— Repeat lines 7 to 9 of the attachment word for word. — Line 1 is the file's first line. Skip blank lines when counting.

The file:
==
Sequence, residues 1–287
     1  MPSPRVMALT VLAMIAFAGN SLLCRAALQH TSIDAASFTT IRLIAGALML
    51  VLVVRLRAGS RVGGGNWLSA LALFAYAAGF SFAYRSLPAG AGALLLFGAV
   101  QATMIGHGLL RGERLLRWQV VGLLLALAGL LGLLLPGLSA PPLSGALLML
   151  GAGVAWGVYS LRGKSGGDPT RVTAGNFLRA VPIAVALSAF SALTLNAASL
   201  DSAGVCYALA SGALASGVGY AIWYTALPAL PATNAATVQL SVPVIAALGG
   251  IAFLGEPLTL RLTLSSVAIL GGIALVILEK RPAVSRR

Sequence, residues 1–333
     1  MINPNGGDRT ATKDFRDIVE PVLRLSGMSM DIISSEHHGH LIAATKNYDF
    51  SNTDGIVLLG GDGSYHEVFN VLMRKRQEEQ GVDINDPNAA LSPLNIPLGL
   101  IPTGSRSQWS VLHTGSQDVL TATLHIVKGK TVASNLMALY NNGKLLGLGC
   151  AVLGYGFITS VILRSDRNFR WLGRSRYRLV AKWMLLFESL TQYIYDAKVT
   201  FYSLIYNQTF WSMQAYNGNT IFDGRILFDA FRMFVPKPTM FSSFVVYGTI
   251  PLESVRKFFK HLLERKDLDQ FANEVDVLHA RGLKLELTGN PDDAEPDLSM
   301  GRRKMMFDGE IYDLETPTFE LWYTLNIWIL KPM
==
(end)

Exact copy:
   251  IAFLGEPLTL RLTLSSVAIL GGIALVILEK RPAVSRR

Sequence, residues 1–333
     1  MINPNGGDRT ATKDFRDIVE PVLRLSGMSM DIISSEHHGH LIAATKNYDF